This week, delegates from 175 shipping nations will gather in London to discuss the schedule for fully decarbonizing their industry. The meeting will be under the control of the UN’s International Maritime Organisation (IMO).
According to observers, the London meeting may be crucial for combating climate change since the Paris Agreement.
The shipping industry is facing increased pressure to cut emissions from smokestacks that contribute to global warming. Becoming the largest global industry, its annual CO2 production equals Germany’s.
Ships transport 90% of the goods and products in the world, which frequently burn highly polluting fuels. As much as 3% of the world’s total carbon dioxide emissions come from the highly polluting fuels that these vessels frequently burn.
Experts warn that this could grow by as much as 50% by the middle of this century if stronger action isn’t taken. Unfortunately, the shipping industry only plans for halving emissions by the middle of the century. This, according to scientists, contradicts the Paris climate agreement.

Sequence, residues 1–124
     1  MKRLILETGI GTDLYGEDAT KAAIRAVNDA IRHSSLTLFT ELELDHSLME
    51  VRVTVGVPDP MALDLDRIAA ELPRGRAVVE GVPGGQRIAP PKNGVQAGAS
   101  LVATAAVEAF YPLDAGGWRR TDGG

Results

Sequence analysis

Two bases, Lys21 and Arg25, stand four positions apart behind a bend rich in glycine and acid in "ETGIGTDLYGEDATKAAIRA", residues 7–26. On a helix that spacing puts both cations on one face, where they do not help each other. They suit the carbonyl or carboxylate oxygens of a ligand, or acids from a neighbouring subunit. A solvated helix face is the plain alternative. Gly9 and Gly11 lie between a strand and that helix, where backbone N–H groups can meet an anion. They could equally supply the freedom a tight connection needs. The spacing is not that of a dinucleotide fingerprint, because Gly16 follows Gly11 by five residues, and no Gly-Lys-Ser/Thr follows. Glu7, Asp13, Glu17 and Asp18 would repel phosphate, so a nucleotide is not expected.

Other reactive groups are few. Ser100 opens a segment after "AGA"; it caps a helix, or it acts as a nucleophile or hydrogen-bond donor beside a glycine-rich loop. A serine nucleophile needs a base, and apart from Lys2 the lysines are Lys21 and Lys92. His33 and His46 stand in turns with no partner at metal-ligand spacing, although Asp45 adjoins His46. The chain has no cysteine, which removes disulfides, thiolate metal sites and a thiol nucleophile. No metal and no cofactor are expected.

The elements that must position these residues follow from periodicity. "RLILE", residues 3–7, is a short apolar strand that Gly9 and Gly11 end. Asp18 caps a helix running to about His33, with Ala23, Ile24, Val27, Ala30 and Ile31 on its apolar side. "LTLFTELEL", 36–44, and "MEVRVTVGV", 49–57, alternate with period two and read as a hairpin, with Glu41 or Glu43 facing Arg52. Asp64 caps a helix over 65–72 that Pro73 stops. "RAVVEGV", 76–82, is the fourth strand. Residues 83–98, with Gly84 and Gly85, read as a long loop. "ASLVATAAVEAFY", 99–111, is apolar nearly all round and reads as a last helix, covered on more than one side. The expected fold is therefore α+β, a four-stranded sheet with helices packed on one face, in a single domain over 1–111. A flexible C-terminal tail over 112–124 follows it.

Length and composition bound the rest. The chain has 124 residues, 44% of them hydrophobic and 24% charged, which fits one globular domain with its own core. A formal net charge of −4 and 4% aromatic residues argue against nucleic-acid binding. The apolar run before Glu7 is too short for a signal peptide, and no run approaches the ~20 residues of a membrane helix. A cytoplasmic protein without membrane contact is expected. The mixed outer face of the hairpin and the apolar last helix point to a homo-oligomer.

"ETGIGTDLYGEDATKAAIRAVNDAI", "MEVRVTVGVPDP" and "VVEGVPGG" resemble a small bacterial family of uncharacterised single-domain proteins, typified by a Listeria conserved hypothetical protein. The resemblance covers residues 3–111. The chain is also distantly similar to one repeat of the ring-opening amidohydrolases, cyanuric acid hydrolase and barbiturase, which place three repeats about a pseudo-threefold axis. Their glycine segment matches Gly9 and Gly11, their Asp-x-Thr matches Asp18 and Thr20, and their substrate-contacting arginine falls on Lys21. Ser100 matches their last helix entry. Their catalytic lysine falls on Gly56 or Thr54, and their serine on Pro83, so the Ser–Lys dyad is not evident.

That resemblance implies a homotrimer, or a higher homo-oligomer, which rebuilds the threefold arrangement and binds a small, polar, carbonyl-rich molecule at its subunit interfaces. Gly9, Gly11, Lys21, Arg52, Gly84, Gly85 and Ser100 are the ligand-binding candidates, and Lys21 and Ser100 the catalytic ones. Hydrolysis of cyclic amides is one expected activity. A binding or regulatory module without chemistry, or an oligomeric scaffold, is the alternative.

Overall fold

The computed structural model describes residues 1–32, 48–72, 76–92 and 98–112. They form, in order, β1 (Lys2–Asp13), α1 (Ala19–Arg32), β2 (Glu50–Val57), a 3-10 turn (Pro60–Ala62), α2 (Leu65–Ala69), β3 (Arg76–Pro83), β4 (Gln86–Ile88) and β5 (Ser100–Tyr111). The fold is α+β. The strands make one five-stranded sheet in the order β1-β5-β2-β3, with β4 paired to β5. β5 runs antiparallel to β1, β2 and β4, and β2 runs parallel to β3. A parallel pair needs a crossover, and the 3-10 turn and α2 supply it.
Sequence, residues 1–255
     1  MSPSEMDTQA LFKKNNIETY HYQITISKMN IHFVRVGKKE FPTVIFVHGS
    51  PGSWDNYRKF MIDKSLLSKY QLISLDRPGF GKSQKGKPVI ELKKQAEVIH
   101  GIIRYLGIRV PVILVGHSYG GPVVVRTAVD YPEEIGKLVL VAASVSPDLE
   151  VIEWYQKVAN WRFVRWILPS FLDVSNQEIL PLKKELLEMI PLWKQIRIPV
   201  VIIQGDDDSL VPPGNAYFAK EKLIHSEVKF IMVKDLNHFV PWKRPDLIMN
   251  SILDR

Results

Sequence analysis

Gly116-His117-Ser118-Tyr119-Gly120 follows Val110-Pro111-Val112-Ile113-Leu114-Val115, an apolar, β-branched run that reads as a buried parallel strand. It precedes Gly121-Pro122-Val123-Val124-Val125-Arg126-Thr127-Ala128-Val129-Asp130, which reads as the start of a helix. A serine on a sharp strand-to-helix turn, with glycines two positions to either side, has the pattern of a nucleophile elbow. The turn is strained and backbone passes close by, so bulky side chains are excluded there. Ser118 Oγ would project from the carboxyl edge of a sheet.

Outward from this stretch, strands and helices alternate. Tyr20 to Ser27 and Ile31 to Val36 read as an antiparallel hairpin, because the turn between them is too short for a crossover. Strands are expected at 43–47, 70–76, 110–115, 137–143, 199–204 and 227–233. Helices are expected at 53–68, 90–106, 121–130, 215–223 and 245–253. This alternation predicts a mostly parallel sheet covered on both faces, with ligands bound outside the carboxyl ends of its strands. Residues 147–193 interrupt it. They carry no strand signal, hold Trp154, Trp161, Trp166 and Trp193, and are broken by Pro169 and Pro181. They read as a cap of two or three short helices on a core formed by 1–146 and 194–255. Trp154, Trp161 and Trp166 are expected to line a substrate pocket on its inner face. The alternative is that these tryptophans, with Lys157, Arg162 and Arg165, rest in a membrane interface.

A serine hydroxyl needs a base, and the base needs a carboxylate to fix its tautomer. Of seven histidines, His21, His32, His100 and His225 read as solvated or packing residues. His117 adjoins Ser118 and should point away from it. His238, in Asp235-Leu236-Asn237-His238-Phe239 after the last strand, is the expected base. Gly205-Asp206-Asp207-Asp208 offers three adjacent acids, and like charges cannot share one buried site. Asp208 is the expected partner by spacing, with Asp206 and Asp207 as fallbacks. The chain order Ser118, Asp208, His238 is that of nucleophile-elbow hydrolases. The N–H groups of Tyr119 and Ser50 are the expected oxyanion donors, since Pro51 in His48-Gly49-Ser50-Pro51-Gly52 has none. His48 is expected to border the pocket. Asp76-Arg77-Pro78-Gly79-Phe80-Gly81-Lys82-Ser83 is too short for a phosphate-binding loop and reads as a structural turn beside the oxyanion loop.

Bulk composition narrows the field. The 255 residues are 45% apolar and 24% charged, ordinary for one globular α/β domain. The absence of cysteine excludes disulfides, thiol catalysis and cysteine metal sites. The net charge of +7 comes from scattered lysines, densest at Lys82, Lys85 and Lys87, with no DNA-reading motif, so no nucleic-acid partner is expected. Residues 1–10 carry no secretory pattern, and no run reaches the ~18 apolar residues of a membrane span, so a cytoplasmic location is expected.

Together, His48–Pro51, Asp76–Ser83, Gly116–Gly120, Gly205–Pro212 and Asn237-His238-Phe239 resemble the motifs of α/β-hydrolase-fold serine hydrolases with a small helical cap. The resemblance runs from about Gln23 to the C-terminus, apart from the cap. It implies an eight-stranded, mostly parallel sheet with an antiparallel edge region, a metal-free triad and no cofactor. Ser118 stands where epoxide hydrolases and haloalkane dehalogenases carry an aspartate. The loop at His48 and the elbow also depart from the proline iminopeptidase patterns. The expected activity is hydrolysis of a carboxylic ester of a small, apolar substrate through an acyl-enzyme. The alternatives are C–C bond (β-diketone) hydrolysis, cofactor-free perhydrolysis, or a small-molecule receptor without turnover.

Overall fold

Many parties want to push forward with plans for cleaner transport. For instance, campaigners seek tougher targets, half reduction by 2030, net-zero goal by 2050, or full decarbonization by 2040.
The world’s second largest container shipping line, Maersk, has set their own goal of zero emissions by 2040.
2023 will be “a year of decisive climate action,” according to IMO Secretary-General Kitack Lim, who urged delegates to find solutions last week.
Although the need for reform is acknowledged by the industry as a whole, some people worry that setting new goals will be too difficult and expensive.
However, according to recent research, cutting shipping emissions in half this decade would only result in a 10% increase in overall operating costs.